Saturday, April 19, 2008

Southern Belle's Tatting Society

These ladies from the Southern Belle's Tatting Society of Columbia, Tenn., demonstrate the fine art of tatting during the Battle of Selma Living History Tour. The tours are planned especially for school students.

Tatting goes back a couple thousand years ago when fishermen used the technique to strengthen their nets. Smaller thread and shuttles resulted in the creation of lace for doilies and edgings that were sewn onto handkerchief, collars and pillowcases.

Today's battle events include tours of Confederate, Union and civilian camps, troop drills, a demonstration of Civil War tactics against fixed fortifications and the Battle of Selma Grand Military Ball at Sturdivant Hall.

Gates open at 9 a.m. and close at 5 p.m.

13 comments:

Petunia said...

What a lovely shot:D
Awesome!

Destitute Rebel said...

a lovely colorful shot and some history to go with it.Thanks.

smilnsigh said...

Love the photo! But shouldn't that fair Southern Belle, have a parasol over her? :-)

Gwyn said...

Great photo. I'd love to see a demonstration of how tatting is done.

Thanks for visiting Juneau Daily Photo and leaving a comment. As for your question about eagles, you can see them year around here. We live near a river and they often are in the trees along the edge watching for food. We're very blessed.

magiceye said...

very intersting indeed!

Jilly said...

The lady's sunglasses even look authentic but I suppose they are not? Perhaps such things didn't even exist? Fascinating to see how it all used to be.

Jane Eborall said...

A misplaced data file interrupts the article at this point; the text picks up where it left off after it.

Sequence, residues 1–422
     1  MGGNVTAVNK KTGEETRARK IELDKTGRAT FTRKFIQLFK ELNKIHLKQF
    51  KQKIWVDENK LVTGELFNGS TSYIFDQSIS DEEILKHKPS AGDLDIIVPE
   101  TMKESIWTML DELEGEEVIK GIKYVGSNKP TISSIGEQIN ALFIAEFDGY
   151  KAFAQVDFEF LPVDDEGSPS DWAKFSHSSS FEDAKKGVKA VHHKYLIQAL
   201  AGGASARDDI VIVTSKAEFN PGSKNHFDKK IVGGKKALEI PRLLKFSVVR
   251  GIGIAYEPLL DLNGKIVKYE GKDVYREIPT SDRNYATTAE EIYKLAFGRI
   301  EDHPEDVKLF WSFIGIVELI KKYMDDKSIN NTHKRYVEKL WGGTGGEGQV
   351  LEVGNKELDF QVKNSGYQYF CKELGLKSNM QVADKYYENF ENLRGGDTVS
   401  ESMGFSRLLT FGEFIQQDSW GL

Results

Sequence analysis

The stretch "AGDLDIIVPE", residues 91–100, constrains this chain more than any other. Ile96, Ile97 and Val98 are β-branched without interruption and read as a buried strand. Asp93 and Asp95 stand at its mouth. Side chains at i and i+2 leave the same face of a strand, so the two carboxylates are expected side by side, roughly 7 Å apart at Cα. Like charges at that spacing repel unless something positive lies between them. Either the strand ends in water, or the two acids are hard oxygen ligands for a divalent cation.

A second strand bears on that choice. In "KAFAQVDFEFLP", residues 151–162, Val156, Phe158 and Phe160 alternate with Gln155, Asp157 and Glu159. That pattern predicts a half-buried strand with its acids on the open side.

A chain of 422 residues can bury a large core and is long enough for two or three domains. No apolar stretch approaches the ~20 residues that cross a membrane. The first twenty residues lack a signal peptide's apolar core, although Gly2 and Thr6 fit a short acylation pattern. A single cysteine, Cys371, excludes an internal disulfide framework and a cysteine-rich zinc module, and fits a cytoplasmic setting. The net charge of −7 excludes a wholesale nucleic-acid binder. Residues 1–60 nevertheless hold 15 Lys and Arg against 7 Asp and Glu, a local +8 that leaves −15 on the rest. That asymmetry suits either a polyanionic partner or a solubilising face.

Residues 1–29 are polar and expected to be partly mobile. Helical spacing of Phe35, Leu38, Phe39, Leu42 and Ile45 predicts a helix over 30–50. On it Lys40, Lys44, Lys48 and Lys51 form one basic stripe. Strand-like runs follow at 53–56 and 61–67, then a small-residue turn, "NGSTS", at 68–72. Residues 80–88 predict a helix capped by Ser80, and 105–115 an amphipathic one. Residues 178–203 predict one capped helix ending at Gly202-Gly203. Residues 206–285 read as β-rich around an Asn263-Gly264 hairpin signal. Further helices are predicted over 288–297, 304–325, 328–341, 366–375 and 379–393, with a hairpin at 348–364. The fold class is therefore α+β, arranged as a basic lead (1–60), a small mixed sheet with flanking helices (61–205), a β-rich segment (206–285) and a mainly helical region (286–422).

Actually it's a Victorian craft - hate to dissapoint you!!! Lovely picture and write up.

Rambling Round said...

Thanks for your visits to the living history tour.

Jane, I appreciate your comment and enjoyed looking at your tatting site. What a neat craft to do! I can crochet, but that's about it.

I wonder if tatting might have become more popular during the Victorian Era, since the ladies of the Southern Belle's Tatting Society declare they were tatting for years prior to that!:)
Wikipedia and a few other sites put documented tatting back to at least the early 1800s. I wonder if some of these ladies brought the craft to America from their home countries or picked it up through shipments from Europe, especially France. Antebellum Southerners loved anything from France.

vero said...

Patricular photo, very nice

Bursa Daily Photo said...

Very nice photo. In Turkey there is the tradition, when a girl gets married, of giving small handkerchiefs decorated with tatting.

The D in D & T said...

fantastic photo, really lovely. my grandmother tried to teach me to crochet once but soon gave up. and she was a very patient woman. :) i admire people who have these skills.

Anonymous said...

Hello all, I'm a Southern poet and in my new book, Telling Tales of Dusk, there is a poem called, "Queen Anne's Lace" that was first published in the Christian Science Monitor, that mentions the great art of tatting. Please look up my website at http://terrikirbyerickson.wordpress.com. to find out more about it! Happy tatting, ya'll! Joy and blessings, Terri Kirby Erickson, NC

Gina said...

Nice to see the Southern Belle's tatting! As Jane said, it's a Victorian craft. Knotting has been around for a millennium or so but it's not tatting. Tatting, as a needlecraft, is not nearly as old as others. There is a website by the Tatmeister who has researched the history of tatting in depth and documents the misunderstandings that have developed along the way.

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